I’m not a policy wonk. I am very ill suited to talk frequently to legislators to ask them to do the very jobs they were elected to do and for which they already get paid. From that admittedly jaded perspective, I’m not anyone’s first choice to do lobbying or “education” of elected officials.

Nevertheless, I think it’s important for reproductive justice activists to have a serious discussion -- immediately -- about public policies, reproductive justice and President Obama’s Administration.

Reproductive justice is built on the foundation of human rights. The framework of “reproductive justice” requires that the most vulnerable populations be kept in the center of our lens, not at the margins. This means that we may have to work hard and quickly to create a public policy platform worthy of and capable of doing justice to the reproductive justice framework.

The shape of things

Although the reasons may be obvious why the reproductive justice community must be engaged and clear about what we want, I’d like to state a few points to get them organized in my head:

1. This may be the best opportunity to advance a reproductive justice agenda in my lifetime (okay, I’m over 50 so my urgency may be simply age-related).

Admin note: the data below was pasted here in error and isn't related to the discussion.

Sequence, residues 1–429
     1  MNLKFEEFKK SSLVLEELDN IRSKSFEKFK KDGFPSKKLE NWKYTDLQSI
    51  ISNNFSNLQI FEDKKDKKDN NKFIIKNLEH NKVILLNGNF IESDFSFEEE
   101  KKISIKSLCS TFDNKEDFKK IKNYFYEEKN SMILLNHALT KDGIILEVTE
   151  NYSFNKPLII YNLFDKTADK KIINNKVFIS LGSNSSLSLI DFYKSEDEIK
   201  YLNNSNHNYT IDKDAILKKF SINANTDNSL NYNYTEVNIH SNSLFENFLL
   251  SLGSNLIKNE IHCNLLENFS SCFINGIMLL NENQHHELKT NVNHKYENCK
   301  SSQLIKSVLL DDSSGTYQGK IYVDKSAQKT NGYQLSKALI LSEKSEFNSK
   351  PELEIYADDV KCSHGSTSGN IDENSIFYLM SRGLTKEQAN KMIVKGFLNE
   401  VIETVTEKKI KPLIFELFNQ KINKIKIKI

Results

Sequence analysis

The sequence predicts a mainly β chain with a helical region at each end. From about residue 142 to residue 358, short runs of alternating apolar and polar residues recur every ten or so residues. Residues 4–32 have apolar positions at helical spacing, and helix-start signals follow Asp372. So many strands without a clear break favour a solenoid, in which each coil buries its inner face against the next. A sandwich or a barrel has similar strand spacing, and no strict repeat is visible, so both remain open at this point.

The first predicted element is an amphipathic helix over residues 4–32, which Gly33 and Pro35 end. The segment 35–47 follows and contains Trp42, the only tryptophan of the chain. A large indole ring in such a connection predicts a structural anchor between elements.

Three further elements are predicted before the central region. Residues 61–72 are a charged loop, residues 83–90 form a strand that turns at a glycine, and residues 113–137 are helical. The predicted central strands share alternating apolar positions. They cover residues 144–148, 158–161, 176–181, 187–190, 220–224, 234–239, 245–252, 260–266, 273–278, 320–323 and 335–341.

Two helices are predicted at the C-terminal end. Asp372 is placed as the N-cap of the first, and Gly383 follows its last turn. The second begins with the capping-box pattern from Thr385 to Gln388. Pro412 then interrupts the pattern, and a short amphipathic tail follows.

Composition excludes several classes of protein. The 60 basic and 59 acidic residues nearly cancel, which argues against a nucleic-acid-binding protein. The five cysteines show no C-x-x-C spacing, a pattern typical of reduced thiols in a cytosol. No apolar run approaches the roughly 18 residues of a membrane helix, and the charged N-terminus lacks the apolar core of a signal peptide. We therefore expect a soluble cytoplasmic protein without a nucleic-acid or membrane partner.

2. We have developed strong values in the reproductive justice movement that keep the most vulnerable among us at the top of our concerns: girls, poor women, young women, incarcerated women, lgbtq folks, substance-abusing women, immigrant women, disabled women, teen mothers.

3. We have great collaborations among the leading groups promoting reproductive justice at the grassroots.

4. We have an exciting framework that has transformed the pro-choice movement by raising critical intersectional issues on race, gender, class, age, sexual orientation, ability and immigration in a way that is being heard and embraced beyond women of color.

5. We have allies in the Obama Administration who are strong, have serious integrity and care as strongly as we do about the vulnerable populations and issues we prioritize.